first_img 24 Views   no discussions Tweet Sharing is caring! Share Sharecenter_img NewsPrint UN secretary general voices concern at rights violations and rising crime during visit to Guatemala by: – March 17, 2011 GUATEMALA CITY, Guatemala — Secretary-General Ban Ki-moon on Wednesday expressed appreciation of Guatemala’s contribution to United Nations peacekeeping operations, but also voiced alarm at the worsening rate of crime, insecurity and human rights violations in the Central American country.“Guatemalan troops are serving with peacekeepers in Haiti and in conflict zones such as the Democratic Republic of the Congo, Sudan and Côte d’Ivoire,” said Ban at a joint news conference with President Alvaro Colom in the country’s capital, Guatemala City.“A distinguished Guatemalan, Edmond Mulet, is my Special Representative in Haiti. I am especially pleased that a number of Guatemalan women are serving in UN peacekeeping operations.“I value this contribution, but I know it has taken a toll. Tomorrow I will solemnly dedicate a monument to the Guatemalan UN peacekeepers who died while serving the cause of peace. The only way to truly honour their sacrifice is to carry on our work for peace, security and justice, here in Guatemala and around the world,” said the secretary-general.Ban told reporters that at a meeting with members of the Guatemalan cabinet, he had expressed alarm over rising crime and insecurity and that he was particularly concerned about abuses of human rights.“Ending impunity is critical to protecting all Guatemalans from violence,” he said, adding that the UN will provide additional support.“We have to foster security for all Guatemalans and their children. I am sure the people of Guatemala agree they did not end 36 years of armed conflict only to see violence take other forms. Now it is time to end all violence,” said Ban.The secretary-general recalled that Guatemala is known throughout the world for its ecological diversity, its rich culture, and its proud history.“Our shared challenge today is to ensure that Guatemala also earns a reputation as a haven of justice, respect for human rights, and true security. We have serious work ahead,” he said.He described his talks with Colom as “constructive,” saying they covered important issues of concern to both of them, including insecurity, poverty, violence against women, regional issues, and the Millennium Development Goals (MDGs), the global commitments to reducing extreme and boosting social-economic progress by the target date of 2015.He said that Colom and he were in full agreement on the importance of the work of the International Commission against Impunity in Guatemala (CICIG).“I expressed the UN’s strong support for CICIG and Commissioner Francisco Dall’Anese,” Ban said.The secretary-general also met Nobel Peace Prize laureate Rigoberta Menchu and was due to have bilateral with several heads of state in Central America, including those of Costa Rica, Belize, El Salvador, Panama, the Dominican Republic and Honduras. He was also slated to launch the UN Peacebuilding Fund’s engagement in Guatemala.Source: Caribbean News Now Sharelast_img read more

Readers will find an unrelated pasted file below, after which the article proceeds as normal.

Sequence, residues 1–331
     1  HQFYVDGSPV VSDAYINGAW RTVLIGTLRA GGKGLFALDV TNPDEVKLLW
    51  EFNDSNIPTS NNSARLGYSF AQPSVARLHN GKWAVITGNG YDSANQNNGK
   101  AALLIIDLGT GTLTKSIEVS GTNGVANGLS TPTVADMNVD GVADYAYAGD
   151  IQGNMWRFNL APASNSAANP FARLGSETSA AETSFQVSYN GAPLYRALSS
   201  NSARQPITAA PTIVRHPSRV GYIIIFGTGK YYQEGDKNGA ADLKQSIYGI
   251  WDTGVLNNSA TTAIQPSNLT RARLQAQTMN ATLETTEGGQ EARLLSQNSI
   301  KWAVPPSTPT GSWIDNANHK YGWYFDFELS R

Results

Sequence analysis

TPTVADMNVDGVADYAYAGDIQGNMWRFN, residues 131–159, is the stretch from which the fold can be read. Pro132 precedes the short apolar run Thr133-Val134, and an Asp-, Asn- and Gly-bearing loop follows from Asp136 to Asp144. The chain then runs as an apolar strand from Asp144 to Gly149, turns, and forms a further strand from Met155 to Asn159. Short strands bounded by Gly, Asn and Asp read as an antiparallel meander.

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Waiting game

first_imgStudents gathered for hours along Trousdale Parkway to line up for a pre-screening of the first episode in the fifth season of the hit HBO television show, Game of Thrones. The Special Events Committee asked students to reenact scenes from the show for free items such as HBO cups, Game of Thrones T-shirts and mix tapes.last_img